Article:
At a preliminary hearing on the terroristic threat charge, employees of the credit union said they felt threatened by Hodges when he allegedly made the threat.

The magistrate denied a defense motion that a $250,000 bond be set for Hodges under the conditions that he surrender his county keys and not set foot in the assessor’s office.

Hodges, whose bond was revoked on Monday, was sent back to the Western Regional Jail.

Did You Know?

The Gilmer Free Press

Your daily look at late-breaking news, upcoming events and the stories that will be talked about today:


ON-AIR KILLINGS OF 2 JOURNALISTS GRIP MILLIONS IN SOCIAL MEDIA STORM

Unlike so many crimes, which have to be pieced together in reverse, this one plays out in real time on Twitter and Facebook.


WHY TRUMP’S CAMPAIGN STRUCTURE IS SPECIAL

His operation fields less than a tenth of Hillary Clinton’s 350 paid staffers and has no pollster or media consultant, upending the conventional electoral wisdom.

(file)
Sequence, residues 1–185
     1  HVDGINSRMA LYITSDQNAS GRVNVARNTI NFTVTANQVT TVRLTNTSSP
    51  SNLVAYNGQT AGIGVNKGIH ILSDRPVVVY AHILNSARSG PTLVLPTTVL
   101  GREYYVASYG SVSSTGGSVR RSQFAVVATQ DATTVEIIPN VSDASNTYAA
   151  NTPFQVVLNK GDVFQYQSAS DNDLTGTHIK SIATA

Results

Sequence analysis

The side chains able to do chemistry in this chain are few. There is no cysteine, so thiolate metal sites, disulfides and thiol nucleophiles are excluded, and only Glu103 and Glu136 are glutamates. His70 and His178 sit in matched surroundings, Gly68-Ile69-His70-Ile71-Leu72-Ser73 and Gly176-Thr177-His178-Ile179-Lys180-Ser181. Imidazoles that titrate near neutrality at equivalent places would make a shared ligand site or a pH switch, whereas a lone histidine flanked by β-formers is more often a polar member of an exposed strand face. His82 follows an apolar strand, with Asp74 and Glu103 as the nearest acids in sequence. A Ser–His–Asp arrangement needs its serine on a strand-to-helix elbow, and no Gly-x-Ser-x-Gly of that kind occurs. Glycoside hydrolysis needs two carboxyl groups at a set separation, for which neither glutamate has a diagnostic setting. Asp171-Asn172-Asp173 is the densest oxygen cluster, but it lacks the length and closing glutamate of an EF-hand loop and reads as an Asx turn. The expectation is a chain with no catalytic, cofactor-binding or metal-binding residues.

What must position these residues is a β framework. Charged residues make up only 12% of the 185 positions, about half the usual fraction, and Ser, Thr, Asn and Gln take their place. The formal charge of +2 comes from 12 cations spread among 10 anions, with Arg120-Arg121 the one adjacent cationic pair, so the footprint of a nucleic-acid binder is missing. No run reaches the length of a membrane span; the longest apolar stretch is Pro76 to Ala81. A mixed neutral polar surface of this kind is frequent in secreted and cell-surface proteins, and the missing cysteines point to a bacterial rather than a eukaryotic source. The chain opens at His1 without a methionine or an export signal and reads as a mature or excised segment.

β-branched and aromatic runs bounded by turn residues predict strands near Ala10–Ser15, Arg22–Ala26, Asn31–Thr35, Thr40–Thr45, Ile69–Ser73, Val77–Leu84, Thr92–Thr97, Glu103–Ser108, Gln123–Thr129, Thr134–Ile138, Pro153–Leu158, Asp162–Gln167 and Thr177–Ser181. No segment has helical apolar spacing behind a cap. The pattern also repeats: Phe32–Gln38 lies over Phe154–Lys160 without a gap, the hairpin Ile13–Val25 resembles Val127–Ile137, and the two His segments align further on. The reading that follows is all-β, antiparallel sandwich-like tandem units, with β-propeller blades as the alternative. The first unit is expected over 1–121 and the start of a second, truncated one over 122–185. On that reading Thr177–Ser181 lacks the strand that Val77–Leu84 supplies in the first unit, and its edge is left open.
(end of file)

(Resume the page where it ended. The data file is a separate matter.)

WHO IS HEADED TO NEW ORLEANS

Obama is marking 10 years since Hurricane Katrina by celebrating the revival of the city, which suffered the worst of the storm’s devastation.

4. ARGENTINE MOM PINS HOPES ON POPE

Lidia Guerrero, whose son has been on death row in Texas for 19 years, is praying that Francis, who opposes the death penalty, will advocate for him in the U.S. in September.


FOR MIDEAST WAR-WOUNDED, JORDANIAN HOSPITAL HELPS RECOVERY

Among its patients is a 14-year-old Syrian girl whose lower legs were torn off by a shell.


CALIFORNIA TAX DONATIONS LOST IN BUREAUCRACY

Millions of dollars is unspent or lost in bureaucratic mazes established by lawmakers looking to help worthy causes without committing state dollars, the AP learns.


CHINA DETAINS 11 OVER WAREHOUSE EXPLOSION

A notice on the national prosecutor’s website says they include officials in the port city of Tianjin, along with others working for the company that runs the port.


WHAT COMPLICATES THE JOB OF FIRE CREWS IN WASHINGTON

Smoke from big wildfires burning east of the Cascade Range grounds helicopters and airplanes that have been battling the flames.


CHINESE STOCK INDEX JUMPS 5.3 PERCENT

Markets also rise in Japan, South Korea, Hong Kong, Sydney and elsewhere across the Asia-Pacific region.